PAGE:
Out of universe, it's important to note that we've only been introduced to two forms of transport in the Wizarding world by that point: the Hogwarts Express (which barely counts) and brooms. While readers would likely accept "He's a wizard, he can travel anywhere he wants instantly" introducing that at the end would likely raise questions at a time when there are far more important things for the book to cover.

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    It's mentioned in the books that Apparition can be tiring, and many people find the experience unpleasant. It's also said to be unreliable over long distances, and Scotland-to-London is about as long a distance as you can get in mainland UK. Given that Dumbledore was unaware of the urgency, it seems reasonable that he'd choose a safer and more comfortable mode of transport. Also, noting Dumbledore's intelligence and eccentricity, he may just like long journeys because they give him a chance to think in peace, enjoy the view, etc. – anaximander Nov 25 '16 at 15:34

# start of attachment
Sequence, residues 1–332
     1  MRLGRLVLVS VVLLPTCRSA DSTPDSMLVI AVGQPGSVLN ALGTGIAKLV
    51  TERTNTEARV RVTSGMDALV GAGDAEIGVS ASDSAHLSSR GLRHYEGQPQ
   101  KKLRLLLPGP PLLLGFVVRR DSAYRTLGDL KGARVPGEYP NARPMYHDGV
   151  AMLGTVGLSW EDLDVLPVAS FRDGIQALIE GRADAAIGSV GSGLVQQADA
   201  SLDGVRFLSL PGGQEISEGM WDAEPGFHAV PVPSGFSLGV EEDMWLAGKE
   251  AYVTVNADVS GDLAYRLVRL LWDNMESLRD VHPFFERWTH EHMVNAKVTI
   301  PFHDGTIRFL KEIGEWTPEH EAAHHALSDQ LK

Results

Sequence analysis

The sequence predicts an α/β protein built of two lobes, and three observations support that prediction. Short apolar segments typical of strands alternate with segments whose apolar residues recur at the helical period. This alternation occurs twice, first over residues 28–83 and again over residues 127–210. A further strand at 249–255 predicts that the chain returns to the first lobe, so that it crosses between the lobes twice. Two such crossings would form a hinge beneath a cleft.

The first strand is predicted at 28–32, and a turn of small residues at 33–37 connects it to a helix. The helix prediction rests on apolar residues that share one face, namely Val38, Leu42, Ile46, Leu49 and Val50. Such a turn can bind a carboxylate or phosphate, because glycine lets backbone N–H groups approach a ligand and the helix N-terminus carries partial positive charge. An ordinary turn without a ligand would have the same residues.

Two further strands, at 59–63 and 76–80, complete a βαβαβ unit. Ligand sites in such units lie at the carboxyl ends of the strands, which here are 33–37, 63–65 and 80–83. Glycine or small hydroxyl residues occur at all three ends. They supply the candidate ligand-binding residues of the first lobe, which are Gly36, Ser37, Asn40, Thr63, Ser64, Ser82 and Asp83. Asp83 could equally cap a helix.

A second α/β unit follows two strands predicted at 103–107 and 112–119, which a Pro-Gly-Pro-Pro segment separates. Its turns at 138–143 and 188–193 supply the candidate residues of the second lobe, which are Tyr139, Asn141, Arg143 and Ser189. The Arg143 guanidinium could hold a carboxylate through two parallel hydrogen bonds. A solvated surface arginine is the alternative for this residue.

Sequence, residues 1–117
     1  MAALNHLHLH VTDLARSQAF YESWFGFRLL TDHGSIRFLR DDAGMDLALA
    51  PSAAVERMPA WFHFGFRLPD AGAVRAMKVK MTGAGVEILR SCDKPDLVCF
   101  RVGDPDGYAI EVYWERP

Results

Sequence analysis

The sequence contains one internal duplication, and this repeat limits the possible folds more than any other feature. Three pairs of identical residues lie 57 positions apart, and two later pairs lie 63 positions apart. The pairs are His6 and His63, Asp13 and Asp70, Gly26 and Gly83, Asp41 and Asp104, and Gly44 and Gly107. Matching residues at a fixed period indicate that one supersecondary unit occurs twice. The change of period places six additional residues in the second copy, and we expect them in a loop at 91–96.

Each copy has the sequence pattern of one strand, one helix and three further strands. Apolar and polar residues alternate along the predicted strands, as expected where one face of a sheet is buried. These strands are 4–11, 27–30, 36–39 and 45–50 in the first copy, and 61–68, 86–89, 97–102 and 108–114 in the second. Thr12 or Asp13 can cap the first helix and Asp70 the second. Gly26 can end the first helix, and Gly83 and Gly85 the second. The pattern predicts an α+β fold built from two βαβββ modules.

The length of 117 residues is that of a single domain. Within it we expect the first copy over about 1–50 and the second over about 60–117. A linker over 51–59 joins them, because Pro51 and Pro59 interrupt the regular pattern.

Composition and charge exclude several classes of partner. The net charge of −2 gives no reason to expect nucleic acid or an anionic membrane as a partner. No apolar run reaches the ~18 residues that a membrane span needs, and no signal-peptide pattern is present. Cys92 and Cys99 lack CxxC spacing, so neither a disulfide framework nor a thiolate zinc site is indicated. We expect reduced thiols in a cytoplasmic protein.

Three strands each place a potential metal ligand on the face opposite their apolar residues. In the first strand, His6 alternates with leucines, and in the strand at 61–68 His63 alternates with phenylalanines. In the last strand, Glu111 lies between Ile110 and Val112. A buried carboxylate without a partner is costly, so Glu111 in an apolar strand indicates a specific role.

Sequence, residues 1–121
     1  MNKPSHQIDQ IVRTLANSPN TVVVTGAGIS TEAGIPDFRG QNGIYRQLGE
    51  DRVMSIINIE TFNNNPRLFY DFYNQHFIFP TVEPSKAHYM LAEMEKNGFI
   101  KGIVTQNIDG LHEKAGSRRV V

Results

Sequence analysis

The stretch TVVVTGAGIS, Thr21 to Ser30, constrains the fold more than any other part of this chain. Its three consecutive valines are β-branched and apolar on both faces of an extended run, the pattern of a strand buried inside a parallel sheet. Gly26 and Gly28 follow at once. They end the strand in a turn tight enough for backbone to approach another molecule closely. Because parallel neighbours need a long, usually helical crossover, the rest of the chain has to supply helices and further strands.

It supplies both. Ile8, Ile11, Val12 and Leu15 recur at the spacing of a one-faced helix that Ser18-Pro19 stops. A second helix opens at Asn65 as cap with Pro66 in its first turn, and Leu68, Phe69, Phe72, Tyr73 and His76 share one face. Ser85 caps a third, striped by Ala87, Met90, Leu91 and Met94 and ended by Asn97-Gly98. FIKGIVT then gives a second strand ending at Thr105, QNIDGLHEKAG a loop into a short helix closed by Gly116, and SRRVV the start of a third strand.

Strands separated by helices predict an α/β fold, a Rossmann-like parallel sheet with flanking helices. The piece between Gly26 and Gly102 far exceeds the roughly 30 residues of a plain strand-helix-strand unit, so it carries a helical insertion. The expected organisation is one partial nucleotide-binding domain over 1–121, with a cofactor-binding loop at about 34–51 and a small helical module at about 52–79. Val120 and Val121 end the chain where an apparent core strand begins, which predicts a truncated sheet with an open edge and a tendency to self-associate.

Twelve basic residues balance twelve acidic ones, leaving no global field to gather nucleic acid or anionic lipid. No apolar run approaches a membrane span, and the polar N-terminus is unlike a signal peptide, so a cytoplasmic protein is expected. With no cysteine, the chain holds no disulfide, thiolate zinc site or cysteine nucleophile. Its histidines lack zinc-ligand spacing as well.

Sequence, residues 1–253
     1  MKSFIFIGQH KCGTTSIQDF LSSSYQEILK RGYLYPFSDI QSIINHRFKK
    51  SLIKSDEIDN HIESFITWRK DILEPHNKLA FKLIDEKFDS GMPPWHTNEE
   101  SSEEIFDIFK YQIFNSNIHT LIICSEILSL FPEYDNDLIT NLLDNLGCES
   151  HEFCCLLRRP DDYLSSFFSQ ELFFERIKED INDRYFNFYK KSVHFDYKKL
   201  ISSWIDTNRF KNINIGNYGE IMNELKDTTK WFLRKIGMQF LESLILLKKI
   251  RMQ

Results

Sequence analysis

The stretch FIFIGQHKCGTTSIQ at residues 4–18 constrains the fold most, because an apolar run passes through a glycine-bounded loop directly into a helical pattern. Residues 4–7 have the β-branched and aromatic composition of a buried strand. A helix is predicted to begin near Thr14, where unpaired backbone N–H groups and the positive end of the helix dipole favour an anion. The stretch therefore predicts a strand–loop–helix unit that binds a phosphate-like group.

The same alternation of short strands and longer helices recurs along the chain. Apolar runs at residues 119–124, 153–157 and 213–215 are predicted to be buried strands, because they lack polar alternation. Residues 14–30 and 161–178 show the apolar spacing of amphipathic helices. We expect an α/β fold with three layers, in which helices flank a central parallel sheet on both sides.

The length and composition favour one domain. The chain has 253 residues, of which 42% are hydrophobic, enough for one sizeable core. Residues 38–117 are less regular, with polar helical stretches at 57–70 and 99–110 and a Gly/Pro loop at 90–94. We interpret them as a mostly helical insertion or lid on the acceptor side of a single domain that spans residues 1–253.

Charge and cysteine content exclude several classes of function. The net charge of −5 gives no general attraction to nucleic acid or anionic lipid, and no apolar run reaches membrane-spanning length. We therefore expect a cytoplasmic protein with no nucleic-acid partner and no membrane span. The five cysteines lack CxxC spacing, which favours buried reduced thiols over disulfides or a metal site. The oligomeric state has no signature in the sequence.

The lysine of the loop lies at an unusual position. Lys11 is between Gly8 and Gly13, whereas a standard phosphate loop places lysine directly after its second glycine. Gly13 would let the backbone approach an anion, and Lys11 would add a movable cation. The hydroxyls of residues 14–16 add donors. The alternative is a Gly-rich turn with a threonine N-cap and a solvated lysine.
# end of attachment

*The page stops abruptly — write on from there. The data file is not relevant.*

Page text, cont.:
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    whom he had tasked with [..] (Sorry, couldn't help myself) – Jasper Nov 25 '16 at 17:06
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    It's also notable that in book seven, there's a line that seems to imply a limit on apparition range. The part where Harry hands himself over to the Death Eaters in the Forbidden Forest, or something like that: he feels Voldemort incoming once (thanks to their link) and is aware that soon he would be close enough apparate (why Voldy didn't just apparate twice in quick succession... well, maybe that's the "it's tiring" aspect alluded to by the earlier comment). This emphasizes that at least apparition might've been even more of a non-option. – mtraceur Nov 25 '16 at 23:06
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    "While the UK is pretty small compared to most countries (or even most states in the US)". The UK is 80th out of 201 countries and is larger than all but 11 U.S. states. – isanae Nov 26 '16 at 0:59
8

Just a theory.

Could Dumbledore be waiting for things to play out. There are a lot of chess analogies in the book, could he be making a slight sacrificial move in order to do a checkmate on Quirrell.